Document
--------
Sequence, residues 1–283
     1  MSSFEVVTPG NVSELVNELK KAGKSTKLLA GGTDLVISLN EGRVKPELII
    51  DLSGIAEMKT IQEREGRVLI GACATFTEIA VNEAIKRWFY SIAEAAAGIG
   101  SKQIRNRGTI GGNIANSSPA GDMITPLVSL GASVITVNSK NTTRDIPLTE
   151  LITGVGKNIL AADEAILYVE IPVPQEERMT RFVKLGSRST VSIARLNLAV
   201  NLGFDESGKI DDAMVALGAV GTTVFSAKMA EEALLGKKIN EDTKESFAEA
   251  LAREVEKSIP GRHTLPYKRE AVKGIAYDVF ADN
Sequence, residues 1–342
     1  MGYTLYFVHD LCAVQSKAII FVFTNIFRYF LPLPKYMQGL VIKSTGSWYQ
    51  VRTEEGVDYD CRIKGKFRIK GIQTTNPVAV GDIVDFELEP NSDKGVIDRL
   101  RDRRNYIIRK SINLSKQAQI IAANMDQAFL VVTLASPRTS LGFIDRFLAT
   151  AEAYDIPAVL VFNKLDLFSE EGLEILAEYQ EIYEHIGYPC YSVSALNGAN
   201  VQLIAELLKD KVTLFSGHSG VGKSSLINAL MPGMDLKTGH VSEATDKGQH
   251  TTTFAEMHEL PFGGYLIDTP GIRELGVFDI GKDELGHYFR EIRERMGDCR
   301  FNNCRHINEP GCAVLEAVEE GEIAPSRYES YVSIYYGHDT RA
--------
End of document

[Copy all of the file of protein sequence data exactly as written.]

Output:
Sequence, residues 1–283
     1  MSSFEVVTPG NVSELVNELK KAGKSTKLLA GGTDLVISLN EGRVKPELII
    51  DLSGIAEMKT IQEREGRVLI GACATFTEIA VNEAIKRWFY SIAEAAAGIG
   101  SKQIRNRGTI GGNIANSSPA GDMITPLVSL GASVITVNSK NTTRDIPLTE
   151  LITGVGKNIL AADEAILYVE IPVPQEERMT RFVKLGSRST VSIARLNLAV
   201  NLGFDESGKI DDAMVALGAV GTTVFSAKMA EEALLGKKIN EDTKESFAEA
   251  LAREVEKSIP GRHTLPYKRE AVKGIAYDVF ADN
Sequence, residues 1–342
     1  MGYTLYFVHD LCAVQSKAII FVFTNIFRYF LPLPKYMQGL VIKSTGSWYQ
    51  VRTEEGVDYD CRIKGKFRIK GIQTTNPVAV GDIVDFELEP NSDKGVIDRL
   101  RDRRNYIIRK SINLSKQAQI IAANMDQAFL VVTLASPRTS LGFIDRFLAT
   151  AEAYDIPAVL VFNKLDLFSE EGLEILAEYQ EIYEHIGYPC YSVSALNGAN
   201  VQLIAELLKD KVTLFSGHSG VGKSSLINAL MPGMDLKTGH VSEATDKGQH
   251  TTTFAEMHEL PFGGYLIDTP GIRELGVFDI GKDELGHYFR EIRERMGDCR
   301  FNNCRHINEP GCAVLEAVEE GEIAPSRYES YVSIYYGHDT RA